The proposed Act lists 7 factors Transport Canada would consider when deciding whether to add a navigable water to the Schedule:
- Is the navigable water on a nautical chart issued officially by or on the authority of the Canadian Hydrographic Service?
- What are its physical characteristics?
- Does it connect to other navigable waters (and if so, how)?
- Is it safe to navigate there?
- What is the past, current or anticipated navigation through the waterway?
- Are there Indigenous peoples of Canada who navigate, have navigated or will likely navigate this waterway in order to exercise their rights recognized and affirmed by section 35 of the Constitution Act, 1982?
- What is the overall the cumulative impact of works on navigation in the waterway?
Applications wouldn't need to meet all 7 factors in order to be considered, but meeting a greater number of factors would impact our decision about whether to add the waterway.
We would assess applications on a case-by-case basis.
Process for adding navigable waters to the Schedule
1. Submission of applications
We're developing a formal application process to ensure we have all the information we need to assess proposed navigable waters. Anyone could submit an application.
We will launch our first formal application process in early 2019. This timing would allow us to promptly add new navigable waters to the Schedule should the proposed legislation (Bill C-69) pass into law.
Following this first application process, we will continue to accept and review applications on an ongoing basis. Eligible navigable waters will continue to be added to the Schedule periodically, depending on the volume of navigable waters to be added.
If you want to request the addition of a navigable water to the Schedule, we encourage you to begin gathering the following information:
- a description of how the waterway is accessible to the public
- confirmation of whether there are two or more waterfront owners
- if there is a single waterfront owner, confirmation of whether the owner is the Crown or a province
- confirmation of whether the waterway is on a nautical chart
- the waterway's:
- average depth and width
- size of basin
- description of any natural obstructions (for example, falls, rapids, beaver dams, a steep drop, vegetation, etc.) that could impact navigation
- list of any navigable waters the waterway is connected to, and a description of its physical characteristics
- number of days in a year it can be used for navigation
- list of works on the waterway (for example, bridges, booms, dams, causeways, terminal facilities, break walls, infills, artificial islands, marinas, aerial cables, etc.) and a description of their cumulative impact on navigation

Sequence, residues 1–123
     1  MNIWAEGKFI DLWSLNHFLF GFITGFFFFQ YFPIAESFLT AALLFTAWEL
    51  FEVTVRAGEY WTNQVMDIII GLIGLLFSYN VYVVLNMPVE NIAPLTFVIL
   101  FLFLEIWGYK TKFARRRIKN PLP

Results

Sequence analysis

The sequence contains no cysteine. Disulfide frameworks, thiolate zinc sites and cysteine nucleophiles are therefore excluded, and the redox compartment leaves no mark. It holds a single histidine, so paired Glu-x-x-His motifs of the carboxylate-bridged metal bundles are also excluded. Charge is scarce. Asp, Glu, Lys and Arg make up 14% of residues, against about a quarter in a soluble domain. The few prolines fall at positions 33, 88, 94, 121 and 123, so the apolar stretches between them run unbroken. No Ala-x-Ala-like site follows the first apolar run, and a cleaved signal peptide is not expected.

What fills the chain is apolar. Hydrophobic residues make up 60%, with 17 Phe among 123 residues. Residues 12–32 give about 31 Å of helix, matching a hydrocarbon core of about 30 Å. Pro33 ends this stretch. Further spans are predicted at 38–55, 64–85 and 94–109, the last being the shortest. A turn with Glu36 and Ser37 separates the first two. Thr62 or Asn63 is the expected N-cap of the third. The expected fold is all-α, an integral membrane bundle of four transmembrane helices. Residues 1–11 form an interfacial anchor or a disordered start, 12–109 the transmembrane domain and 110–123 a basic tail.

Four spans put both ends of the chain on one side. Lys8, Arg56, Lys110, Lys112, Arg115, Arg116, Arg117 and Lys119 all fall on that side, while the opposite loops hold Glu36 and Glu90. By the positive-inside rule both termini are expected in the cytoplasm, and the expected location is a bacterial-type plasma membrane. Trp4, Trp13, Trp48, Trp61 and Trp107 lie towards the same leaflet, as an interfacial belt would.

- information about navigation safety concerns, including accidents or incidents that happened there
- description of past, present and future recreational or commercial navigation use
- description of past, present and future use by Indigenous peoples to exercise their rights (for example, to fish, hunt, trap, harvest or use the waters for cultural reasons).
2. Assessment of applications
During this stage, we would assess applications and publish a list of navigable waters we find to be eligible. This list would be online for public comment for 30 days.
3. Additions of navigable waters to the Schedule
Applications for waterways that meet the definition of a navigable water and other criteria, would be added to the Schedule. This would happen through a Ministerial Order that amends the Schedule.
Tailored Process for Indigenous applications
In order to support Indigenous groups who want to request the addition of navigable waters to the Schedule, we're proposing a tailored process. This process would aim to address barriers to participation, such as financial constraints and technical and administrative capacity.
The tailored process for Indigenous peoples could include the following elements:
- Providing funding and dedicated Transport Canada staff to support Indigenous groups who want to add navigable waters to the Schedule.
- Providing funding to establish an Indigenous resource person(s) to support Indigenous groups who want to add navigable waters to the Schedule.
- Providing additional opportunities for information sharing between Transport Canada and Indigenous groups who want to add navigable waters to the Schedule (for example, during the assessment and decision phases of the process).
Depending on the feedback we get, we may adjust this tailored process.
Share your views
We look forward to your comments on the proposed approach for adding navigable waters to the Schedule. We will consider all feedback to refine the proposed process.